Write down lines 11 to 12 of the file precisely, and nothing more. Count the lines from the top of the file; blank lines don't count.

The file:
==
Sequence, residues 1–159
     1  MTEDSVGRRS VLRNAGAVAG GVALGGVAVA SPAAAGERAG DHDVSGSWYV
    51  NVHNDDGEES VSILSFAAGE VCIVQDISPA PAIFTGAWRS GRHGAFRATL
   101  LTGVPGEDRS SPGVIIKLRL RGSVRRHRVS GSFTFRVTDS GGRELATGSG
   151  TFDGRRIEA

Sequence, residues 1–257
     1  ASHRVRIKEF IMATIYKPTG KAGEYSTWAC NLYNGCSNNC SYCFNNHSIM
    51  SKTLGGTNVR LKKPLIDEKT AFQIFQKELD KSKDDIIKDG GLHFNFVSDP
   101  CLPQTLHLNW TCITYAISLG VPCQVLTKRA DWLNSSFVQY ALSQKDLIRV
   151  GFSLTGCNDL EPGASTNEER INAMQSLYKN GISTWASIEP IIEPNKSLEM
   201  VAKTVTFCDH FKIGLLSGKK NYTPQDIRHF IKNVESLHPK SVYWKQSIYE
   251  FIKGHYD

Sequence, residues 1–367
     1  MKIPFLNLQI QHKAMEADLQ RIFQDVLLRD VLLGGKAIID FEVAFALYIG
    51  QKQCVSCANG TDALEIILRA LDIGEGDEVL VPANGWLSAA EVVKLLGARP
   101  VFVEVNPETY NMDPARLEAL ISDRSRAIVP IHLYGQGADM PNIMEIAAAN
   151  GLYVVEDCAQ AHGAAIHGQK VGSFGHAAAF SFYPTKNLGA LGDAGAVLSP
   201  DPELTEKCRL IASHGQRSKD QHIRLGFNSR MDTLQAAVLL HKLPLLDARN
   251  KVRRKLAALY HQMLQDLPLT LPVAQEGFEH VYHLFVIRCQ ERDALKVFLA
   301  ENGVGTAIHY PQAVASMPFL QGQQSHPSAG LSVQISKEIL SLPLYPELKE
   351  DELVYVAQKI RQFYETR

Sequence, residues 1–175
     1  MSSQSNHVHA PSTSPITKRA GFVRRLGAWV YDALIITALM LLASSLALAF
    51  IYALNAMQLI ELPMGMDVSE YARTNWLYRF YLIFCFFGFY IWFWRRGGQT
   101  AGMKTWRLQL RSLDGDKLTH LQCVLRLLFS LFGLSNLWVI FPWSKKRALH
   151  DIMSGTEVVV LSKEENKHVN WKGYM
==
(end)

   201  VAKTVTFCDH FKIGLLSGKK NYTPQDIRHF IKNVESLHPK SVYWKQSIYE
   251  FIKGHYD